Changing Taste in Board Games
This is a topic that I’ve touched on before. And I think it’s a good one to touch on again, and more specifically only on this. When it comes to board games, there are tons of different types of games out there. From being heavy euro game, to massive minis games, to little card games. Now, I have all of almost all of those on my shelf. I have little card games like Hanamikoji and Claim, bit minis games like Nemesis and Reichbusters, and even a few euro games like Heaven & Ale and Terraforming Mars.
Why Talk About Changing Tastes?
I talk about that some in my article of Filler, Family Weight, and Other Board Game Classifications. The simplest way to put it is that as you game more your tastes will change. For a lot of board gamers, games like Munchkin, Fluxx, Ticket To Ride, Carcassonne, and Catan were the games that got them into the hobby board game areas. Before that, they were playing games like Uno, Skip-Bo, Monopoly, Phase 10, Clue, and Scrabble.
I think that’s a pretty common journey. It starts with playing those classic games that we grew up with, or our parents grew up with. Then when games like Catan came around, I at least had a friend who introduced me to that and then later Ticket to Ride. But now I don’t have Catan in my collection anymore, and Ticket to Ride rarely gets played. What changed or why did things change?
Why Do Tastes Change?
I think that everyone grows and changes in almost everything. I’m not sure if there is anything that people can’t change from. And I think board games show one way and an often way that people do change. Some people will always stick with a more basic game, they have found the level that they like. They want to play the classic games, and that is totally fine. But for myself and others into hobby board games, I think it’s important to remember the journey and how we can help people along that journey.
So I’m going to talk about two games that helped draw me into the hobby and probably did for a lot of people, Fluxx and Munchkin. I could talk about Catan, but I think that Fluxx and Munchkin explain it well. Both of those games are light card games that have you trying to mess over your opponents, take their stuff or stop them from winning. Now, this should sound familiar. That is basically how Uno works. You are trying to stop your opponents from winning as much as you are planning on your own victory itself. Or the game Sorry, you want to stop them from winning.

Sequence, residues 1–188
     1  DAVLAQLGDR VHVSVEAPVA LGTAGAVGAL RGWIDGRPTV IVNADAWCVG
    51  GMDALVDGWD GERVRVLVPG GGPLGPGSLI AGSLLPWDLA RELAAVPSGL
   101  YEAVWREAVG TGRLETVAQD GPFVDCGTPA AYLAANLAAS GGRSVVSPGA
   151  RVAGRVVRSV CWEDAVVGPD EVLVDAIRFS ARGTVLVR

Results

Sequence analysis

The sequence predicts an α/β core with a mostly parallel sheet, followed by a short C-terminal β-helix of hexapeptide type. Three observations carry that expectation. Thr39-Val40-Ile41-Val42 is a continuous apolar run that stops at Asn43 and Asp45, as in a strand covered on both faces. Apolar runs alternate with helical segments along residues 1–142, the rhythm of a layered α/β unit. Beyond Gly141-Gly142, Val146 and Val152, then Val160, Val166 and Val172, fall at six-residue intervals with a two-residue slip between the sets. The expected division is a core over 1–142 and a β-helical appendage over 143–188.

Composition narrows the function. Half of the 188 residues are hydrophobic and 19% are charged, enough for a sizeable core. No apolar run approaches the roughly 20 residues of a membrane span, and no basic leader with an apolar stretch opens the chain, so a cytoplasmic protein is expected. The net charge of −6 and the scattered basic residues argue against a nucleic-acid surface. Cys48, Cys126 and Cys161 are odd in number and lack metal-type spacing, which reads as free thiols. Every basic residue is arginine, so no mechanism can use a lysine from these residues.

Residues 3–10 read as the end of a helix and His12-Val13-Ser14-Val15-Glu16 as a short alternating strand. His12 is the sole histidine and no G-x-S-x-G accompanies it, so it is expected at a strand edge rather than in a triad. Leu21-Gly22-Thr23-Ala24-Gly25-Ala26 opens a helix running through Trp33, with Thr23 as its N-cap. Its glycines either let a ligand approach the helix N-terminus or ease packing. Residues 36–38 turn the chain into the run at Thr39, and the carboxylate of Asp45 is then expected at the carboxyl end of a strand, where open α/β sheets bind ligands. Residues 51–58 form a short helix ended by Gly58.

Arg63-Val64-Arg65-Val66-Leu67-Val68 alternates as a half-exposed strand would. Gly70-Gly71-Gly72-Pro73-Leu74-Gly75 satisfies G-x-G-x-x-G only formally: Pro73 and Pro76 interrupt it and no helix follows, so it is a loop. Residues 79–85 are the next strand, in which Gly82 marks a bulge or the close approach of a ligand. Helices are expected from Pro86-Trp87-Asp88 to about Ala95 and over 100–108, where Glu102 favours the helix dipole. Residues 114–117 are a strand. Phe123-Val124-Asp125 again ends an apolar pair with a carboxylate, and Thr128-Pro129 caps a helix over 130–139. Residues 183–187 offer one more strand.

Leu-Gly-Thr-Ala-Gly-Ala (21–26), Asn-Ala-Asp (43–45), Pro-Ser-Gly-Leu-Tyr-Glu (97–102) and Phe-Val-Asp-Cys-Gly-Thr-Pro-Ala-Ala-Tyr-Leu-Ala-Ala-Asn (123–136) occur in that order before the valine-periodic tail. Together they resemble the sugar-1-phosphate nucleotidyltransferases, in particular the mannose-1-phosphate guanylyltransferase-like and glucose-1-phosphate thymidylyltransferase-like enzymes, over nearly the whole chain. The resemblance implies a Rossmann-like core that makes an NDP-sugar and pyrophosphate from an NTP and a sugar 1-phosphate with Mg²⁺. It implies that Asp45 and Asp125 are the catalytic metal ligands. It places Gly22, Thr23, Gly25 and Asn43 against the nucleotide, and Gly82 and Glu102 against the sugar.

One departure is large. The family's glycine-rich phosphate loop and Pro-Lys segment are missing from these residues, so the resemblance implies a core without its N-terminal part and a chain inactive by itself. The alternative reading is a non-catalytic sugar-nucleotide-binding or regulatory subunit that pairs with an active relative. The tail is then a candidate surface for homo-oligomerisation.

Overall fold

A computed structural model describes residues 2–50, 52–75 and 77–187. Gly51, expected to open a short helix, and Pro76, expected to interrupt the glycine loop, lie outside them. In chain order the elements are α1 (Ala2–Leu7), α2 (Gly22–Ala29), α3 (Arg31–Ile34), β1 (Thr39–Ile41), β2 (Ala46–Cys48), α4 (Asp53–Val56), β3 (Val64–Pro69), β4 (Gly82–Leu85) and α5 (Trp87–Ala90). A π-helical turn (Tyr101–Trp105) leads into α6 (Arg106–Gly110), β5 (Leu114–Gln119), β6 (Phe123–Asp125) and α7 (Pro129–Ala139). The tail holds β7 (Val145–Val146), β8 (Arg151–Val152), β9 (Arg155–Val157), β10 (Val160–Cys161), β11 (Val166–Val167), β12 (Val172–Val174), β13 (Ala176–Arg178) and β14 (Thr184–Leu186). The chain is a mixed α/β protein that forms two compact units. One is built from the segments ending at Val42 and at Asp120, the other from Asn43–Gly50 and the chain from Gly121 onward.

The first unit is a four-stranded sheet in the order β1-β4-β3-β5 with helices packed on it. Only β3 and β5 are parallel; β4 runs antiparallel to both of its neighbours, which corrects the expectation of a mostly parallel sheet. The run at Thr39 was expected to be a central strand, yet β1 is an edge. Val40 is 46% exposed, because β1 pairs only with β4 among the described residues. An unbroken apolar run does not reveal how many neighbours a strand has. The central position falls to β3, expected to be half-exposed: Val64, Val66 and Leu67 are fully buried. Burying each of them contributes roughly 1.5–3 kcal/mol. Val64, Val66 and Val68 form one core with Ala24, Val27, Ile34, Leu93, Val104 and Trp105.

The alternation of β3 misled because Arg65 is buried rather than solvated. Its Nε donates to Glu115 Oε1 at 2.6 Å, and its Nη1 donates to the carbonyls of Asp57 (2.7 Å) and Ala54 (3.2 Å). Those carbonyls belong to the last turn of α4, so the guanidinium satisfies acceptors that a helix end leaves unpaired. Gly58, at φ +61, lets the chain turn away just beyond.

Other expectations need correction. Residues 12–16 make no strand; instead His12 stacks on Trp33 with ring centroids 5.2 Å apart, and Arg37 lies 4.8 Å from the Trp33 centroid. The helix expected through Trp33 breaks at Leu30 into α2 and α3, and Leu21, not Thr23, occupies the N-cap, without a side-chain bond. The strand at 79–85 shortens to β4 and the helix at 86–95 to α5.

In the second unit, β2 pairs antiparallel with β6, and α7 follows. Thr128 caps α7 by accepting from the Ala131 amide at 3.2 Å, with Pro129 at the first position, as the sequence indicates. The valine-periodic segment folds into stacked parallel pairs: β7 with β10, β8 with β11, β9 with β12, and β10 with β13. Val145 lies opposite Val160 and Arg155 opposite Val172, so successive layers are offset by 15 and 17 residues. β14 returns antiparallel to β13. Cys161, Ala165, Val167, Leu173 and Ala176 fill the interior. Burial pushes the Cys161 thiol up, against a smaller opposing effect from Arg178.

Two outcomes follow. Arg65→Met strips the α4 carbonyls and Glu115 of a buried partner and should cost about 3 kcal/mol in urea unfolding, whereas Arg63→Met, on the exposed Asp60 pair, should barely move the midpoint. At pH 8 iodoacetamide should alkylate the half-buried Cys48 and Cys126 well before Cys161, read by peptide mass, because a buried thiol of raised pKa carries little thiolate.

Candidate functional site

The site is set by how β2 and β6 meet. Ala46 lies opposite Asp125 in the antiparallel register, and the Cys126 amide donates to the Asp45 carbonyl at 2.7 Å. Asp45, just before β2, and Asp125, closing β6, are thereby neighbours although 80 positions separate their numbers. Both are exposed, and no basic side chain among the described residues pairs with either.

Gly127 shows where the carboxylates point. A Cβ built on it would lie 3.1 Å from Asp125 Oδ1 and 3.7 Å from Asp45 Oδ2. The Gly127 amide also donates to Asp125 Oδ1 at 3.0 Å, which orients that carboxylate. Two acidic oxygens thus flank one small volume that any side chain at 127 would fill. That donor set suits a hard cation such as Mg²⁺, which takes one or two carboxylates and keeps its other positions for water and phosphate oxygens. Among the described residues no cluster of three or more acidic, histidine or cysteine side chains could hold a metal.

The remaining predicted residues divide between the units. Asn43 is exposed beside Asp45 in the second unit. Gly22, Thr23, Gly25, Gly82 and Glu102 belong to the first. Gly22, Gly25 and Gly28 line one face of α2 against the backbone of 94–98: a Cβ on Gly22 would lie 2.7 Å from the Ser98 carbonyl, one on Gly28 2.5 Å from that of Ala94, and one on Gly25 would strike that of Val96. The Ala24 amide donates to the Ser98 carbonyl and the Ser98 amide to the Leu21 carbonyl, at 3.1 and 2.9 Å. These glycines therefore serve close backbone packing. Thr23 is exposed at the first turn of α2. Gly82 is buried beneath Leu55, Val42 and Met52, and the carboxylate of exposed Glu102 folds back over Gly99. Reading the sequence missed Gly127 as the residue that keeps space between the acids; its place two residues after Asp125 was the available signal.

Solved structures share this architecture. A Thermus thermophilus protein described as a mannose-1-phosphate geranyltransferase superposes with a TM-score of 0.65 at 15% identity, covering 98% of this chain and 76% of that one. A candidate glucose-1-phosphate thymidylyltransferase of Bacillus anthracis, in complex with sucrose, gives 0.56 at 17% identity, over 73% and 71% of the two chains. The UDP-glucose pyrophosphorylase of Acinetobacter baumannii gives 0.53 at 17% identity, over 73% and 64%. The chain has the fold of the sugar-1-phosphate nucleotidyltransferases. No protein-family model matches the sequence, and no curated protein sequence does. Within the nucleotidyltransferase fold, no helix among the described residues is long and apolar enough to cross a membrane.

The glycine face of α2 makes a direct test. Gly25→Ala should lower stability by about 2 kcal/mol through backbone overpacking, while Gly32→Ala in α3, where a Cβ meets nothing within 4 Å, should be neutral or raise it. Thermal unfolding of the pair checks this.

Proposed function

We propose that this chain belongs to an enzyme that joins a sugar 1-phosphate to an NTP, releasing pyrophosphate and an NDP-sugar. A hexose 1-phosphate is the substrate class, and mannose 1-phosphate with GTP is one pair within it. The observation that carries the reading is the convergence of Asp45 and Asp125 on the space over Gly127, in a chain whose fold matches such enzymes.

Why did we stop playing Sorry and Uno for Fluxx and Munchkin?
We stopped playing them, because Fluxx and Munchkin offered more in way of the game. When you play Fluxx , you are creating and changing the rules to the game. Sure it’s very simple draw one card and play one card, unless the rules say otherwise. In Munckin you are trying to make your character stronger to defeat more monsters and your opponent weaker or their monsters stronger, so that they can’t. There is more to think about with your card play.
Both of those games take something that we know and build upon it. They add more to the rules of the game, barely, and they offer more choices. To go back to Catan, I sometimes say that if someone like’s Monopoly they should try Catan. Why, because some of the pieces feel similar, but the game offers more choices. Now that’s a bigger jump than Uno to Fluxx, but it’s about finding stepping stones.
Why did we stop playing Fluxx and Munckin?
And this is a cycle that for hobby gamers repeats fairly often. I stopped playing Fluxx and Munchkin, though I still have both, because I wanted games that gave me more choices yet again. One thing that I find is that the more games I play the less true randomness I want in it.
Sure Tainted Grail might have a random encounter or unexpected outcome in an exploration, but I still make more choices. I play down all the cards for combat. Gloomhaven has a deck AI for the monsters, that is random, but I can plan out what I do and have knowledge on what the monsters might be doing. There is no, will I or won’t I draw the right card, because there isn’t a truly right card. It is how can I make what I have available to me work the best.
This is true for most all the games I play now. Some are smaller and more random, like Claim, but even that is less random and offers more choice than some other trick taking games. And it is an extremely light and fast two player filler game. While Fluxx and Munchkin might be light, they take longer than a filler. When I want that lighter, fluffier game, I want it to be played fast now.
What Do We Learn From Changing Tastes?
To start, I think it’s important to remember that our tastes have changed. They might change again, and those we play with, their tastes might change as well. There can be a disparity between gamers. Those of us who love those heavier games and those who love the lighter or more traditional games. It is easy at times to forget that we started there with more traditional games as well.